16-17. Suffering from fever.
18th. Engaged in sending locals [or loads] to Abbeokuta.
19th. Occupied in the same way – Saw the young man with the gun shot wound. The ball is still in the arm but he has the full & entire use of it – and is quite well. I am thankful I adopted the course I did.
22nd. Lord’s Day. Went into the Town, found plenty of people. Some willing & others unwilling to hear. Some told me they did not want us but the Portuguese as they were hungry and wanted cowries. Not one I asked could tell me where the soul went when the body dies. Visited some sick at the Factory and in the Wesleyan spard?
Accompanied Mr & Mrs Gollmer to Agido. We had a pleasant day. The old chief appeared glad to see us & gave us a hearty welcome. I was much pre[?] with his open and intelligent countenance. I hope soon to go and stop there for a few days when I trust I shall know more of him.
24th Engaged in arranging loads and cowries for Abbeokuta
25th Occupied in various ways about the house and premises. The quarter has come to a close , and I find I have done even less than the last. Oh that I had both health & strength! This quarter has closed in gloom as to our work, tho’ not as to ourselves for we are all better than when it dawned upon us. Mrs Gollmer is very much better & is gaining strength every day. But there is as little disposition to hear the glad tidings of Salvation on the part of the people as at the first instead we seem to be on the verge of some great crisis – we can already perceive the heavings & throes – but as yet only mine[?] & filth [?] are cast up. At times I am led to think our remaining amongst this people is but casting pearls before swine for this people have again & again spurned the offer of Salvation and cast the truth from them. We should shake the dust off our feet against them & pass on to some other place. & yet I do not say abandon this station. No, all I would say for the present is “be still & know that I am God”.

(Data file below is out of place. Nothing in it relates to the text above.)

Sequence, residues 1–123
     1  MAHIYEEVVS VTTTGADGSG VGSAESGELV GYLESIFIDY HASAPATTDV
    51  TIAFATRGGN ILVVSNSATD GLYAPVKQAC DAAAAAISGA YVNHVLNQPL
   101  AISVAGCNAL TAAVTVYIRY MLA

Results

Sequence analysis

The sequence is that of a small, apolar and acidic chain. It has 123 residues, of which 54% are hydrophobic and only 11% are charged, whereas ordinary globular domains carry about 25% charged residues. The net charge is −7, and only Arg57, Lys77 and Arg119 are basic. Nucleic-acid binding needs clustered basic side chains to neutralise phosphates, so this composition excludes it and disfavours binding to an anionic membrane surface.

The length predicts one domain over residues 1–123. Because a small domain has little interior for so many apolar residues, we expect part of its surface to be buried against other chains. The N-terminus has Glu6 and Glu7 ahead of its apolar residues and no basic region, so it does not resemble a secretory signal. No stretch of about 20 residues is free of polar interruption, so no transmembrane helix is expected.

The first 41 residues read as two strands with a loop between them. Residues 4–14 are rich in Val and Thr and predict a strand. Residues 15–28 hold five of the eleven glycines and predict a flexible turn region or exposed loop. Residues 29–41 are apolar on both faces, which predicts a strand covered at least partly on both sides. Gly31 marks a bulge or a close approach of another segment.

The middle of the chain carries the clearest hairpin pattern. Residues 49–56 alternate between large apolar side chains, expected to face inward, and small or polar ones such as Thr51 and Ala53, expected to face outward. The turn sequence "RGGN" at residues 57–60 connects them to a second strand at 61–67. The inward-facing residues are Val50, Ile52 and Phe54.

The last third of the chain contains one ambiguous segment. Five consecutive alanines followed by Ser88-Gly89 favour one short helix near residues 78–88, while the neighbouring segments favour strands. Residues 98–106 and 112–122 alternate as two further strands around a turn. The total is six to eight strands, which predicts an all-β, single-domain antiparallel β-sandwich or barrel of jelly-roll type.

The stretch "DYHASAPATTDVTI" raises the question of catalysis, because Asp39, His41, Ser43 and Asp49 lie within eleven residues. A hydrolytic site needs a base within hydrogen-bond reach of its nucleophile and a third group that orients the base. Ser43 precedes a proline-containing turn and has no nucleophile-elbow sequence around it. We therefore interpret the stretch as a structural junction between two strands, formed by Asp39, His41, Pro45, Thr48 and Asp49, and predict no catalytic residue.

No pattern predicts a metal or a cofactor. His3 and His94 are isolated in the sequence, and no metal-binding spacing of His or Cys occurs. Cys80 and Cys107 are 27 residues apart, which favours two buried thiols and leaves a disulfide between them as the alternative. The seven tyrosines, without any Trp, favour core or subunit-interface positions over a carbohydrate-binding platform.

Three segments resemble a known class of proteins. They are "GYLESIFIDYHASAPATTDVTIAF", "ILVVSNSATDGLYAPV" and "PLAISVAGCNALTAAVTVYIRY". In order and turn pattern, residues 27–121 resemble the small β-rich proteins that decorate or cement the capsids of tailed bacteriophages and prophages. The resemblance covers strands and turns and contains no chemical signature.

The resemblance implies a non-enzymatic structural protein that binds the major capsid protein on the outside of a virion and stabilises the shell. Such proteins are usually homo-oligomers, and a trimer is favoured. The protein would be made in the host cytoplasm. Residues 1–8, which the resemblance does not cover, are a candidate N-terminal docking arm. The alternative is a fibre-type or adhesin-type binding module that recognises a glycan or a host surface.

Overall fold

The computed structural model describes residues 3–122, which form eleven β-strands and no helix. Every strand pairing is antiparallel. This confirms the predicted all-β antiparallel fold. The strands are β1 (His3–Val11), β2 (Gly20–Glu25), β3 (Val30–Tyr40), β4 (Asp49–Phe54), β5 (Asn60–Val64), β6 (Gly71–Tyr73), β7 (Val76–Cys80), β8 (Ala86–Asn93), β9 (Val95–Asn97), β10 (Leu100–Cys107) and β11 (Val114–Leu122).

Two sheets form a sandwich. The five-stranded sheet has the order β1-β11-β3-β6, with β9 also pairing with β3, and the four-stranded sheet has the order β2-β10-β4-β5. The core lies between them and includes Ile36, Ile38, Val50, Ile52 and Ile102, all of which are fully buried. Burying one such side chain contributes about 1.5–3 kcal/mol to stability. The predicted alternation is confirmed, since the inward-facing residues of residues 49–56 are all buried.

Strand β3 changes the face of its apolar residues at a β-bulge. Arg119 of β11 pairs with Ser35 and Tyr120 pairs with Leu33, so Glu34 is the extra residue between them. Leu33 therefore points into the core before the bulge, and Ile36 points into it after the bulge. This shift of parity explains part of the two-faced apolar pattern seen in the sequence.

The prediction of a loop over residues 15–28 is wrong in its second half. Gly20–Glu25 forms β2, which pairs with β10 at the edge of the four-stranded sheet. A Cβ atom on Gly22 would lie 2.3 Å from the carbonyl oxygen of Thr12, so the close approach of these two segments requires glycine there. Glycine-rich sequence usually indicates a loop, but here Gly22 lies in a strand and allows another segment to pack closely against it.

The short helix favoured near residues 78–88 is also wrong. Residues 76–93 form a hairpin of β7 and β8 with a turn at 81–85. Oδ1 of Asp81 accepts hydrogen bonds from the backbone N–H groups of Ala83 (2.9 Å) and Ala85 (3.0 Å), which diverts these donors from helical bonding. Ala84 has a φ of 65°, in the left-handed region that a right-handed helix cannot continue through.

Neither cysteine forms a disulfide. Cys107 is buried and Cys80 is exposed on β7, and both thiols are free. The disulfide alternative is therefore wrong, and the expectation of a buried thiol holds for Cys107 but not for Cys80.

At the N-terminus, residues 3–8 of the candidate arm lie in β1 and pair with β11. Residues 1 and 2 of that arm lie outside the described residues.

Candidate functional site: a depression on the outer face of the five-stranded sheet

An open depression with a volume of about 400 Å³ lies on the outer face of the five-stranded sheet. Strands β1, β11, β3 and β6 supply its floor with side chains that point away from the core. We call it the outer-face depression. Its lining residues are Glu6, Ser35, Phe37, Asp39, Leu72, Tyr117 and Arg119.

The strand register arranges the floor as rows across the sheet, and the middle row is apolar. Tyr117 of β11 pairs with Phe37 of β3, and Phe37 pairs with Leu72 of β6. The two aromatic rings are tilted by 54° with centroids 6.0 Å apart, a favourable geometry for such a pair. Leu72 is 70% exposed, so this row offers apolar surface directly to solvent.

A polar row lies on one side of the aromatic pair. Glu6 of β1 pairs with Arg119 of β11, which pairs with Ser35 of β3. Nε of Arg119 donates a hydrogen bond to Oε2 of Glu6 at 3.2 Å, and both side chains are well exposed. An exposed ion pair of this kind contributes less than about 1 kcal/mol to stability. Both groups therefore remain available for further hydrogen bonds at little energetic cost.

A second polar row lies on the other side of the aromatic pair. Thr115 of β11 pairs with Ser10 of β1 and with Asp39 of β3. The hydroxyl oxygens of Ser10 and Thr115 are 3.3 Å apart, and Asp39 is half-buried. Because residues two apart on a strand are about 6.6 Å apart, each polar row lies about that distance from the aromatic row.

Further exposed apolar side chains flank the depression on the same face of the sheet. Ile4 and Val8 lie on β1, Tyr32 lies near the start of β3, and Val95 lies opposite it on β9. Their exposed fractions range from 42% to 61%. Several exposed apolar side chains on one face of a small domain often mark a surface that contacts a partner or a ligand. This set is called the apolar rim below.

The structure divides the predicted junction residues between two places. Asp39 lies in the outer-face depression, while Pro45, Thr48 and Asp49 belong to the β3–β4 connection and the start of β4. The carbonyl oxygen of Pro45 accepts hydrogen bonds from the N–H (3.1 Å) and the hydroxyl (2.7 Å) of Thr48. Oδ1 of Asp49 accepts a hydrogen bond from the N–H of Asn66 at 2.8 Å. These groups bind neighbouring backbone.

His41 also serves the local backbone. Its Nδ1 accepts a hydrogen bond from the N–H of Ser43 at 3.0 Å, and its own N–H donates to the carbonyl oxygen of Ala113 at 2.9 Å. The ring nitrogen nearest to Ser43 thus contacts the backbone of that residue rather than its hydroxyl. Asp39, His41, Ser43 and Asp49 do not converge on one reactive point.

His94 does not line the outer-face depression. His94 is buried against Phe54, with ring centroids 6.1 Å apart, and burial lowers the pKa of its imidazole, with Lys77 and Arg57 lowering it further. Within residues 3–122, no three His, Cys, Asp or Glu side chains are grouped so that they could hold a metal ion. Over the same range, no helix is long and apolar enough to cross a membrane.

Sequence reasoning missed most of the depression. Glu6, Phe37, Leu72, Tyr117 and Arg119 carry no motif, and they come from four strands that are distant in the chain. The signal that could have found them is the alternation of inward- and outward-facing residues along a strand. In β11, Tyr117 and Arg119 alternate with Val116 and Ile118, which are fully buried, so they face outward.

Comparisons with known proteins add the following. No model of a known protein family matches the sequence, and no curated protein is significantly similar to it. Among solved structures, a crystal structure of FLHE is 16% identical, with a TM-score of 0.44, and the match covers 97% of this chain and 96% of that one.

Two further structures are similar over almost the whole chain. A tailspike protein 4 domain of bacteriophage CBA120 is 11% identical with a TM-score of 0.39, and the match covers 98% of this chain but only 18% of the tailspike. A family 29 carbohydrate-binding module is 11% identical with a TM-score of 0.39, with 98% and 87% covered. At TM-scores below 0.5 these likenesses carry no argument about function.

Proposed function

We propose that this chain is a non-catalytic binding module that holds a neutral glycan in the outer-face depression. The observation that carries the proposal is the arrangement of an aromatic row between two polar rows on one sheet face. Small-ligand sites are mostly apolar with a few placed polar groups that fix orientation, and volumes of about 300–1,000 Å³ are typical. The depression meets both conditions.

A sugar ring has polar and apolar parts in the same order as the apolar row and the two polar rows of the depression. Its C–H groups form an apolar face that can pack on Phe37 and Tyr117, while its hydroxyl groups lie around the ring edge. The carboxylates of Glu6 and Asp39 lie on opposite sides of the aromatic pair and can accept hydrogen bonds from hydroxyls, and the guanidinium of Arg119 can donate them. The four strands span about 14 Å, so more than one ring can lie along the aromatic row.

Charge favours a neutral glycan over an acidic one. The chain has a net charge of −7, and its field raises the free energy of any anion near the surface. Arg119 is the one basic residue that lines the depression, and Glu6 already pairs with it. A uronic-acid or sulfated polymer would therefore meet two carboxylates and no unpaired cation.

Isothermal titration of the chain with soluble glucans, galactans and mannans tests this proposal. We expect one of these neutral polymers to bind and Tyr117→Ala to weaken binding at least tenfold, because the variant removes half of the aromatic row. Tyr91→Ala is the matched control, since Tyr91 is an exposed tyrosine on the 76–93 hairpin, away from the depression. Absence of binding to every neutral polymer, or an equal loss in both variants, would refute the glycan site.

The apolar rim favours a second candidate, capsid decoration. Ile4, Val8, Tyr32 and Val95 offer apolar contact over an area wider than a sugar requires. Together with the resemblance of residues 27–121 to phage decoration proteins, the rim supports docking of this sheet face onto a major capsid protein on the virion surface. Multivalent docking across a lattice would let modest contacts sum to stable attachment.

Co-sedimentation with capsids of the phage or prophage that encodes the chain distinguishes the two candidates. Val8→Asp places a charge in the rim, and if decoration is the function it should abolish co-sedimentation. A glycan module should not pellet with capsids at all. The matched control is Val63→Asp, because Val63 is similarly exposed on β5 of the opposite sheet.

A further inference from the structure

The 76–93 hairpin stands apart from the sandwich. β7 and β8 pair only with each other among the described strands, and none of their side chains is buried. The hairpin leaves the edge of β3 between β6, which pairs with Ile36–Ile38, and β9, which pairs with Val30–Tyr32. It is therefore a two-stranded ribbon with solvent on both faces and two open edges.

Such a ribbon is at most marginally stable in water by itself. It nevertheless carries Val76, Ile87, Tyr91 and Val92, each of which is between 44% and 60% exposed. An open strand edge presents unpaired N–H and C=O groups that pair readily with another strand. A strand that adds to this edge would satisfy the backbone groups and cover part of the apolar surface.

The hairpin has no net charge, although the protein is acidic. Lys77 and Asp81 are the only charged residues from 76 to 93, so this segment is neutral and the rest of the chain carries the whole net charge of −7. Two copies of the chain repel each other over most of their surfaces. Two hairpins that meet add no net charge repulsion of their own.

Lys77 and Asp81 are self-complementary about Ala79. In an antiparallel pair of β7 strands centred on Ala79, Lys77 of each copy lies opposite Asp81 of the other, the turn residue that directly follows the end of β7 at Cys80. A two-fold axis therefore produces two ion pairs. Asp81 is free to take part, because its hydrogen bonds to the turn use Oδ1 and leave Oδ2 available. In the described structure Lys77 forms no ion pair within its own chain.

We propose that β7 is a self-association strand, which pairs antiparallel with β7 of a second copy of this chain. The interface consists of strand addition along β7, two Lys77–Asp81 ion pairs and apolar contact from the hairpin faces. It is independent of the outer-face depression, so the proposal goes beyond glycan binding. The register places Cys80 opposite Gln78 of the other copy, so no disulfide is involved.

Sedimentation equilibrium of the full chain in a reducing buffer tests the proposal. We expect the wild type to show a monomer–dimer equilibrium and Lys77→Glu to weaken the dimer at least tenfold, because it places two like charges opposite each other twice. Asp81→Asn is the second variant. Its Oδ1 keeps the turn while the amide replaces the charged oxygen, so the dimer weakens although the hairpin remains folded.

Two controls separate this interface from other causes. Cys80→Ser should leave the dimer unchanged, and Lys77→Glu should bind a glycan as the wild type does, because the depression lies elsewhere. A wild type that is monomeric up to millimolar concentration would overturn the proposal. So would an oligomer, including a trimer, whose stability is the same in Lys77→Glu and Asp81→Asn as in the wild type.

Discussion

26th. Occupied indoors all day – sent a few lrads? to Abbeotuka.
27th. Visited various sick persons.
28th. Lord’s Day. Went into the Town. Spoke to parties of people in different parts of the Town. Visited a Chief called Balla who has been suffering from sciatica. On my way home I was again grieved at seeing an old woman dragged by the feet with ropes by a party of Witchfinders, followed by a multitude of men & women, then came their friends, the whole singing, yelling & shouting at each open space they came to, where there were stalls or sheds they stopt & danced around the body, then suddenly seizing the rope, they commenced running, dragging the body after them thro’ various parts of the town. A large number of them had a three pronged fork of wood as these & the whole body passed before me I could only compare them to the devil & his agents let loose amongst man. I felt not only grief but anger [words not able to be read] my feelings which is not only right but essential in a country like this. ). Oh when will these horrid practices cease? In the afternoon took my adult class. Attended evening service. Felt far from well.
29th. Took off a large pendulous Sarcomatous tumour from Mrs Mange’s right ear – the growth of several years. Attended several sick. Occupied in sending locals? to Abbeokuta.
Dear brethren, pray for us.
Ever yours & sincerely
E.C. van Cooten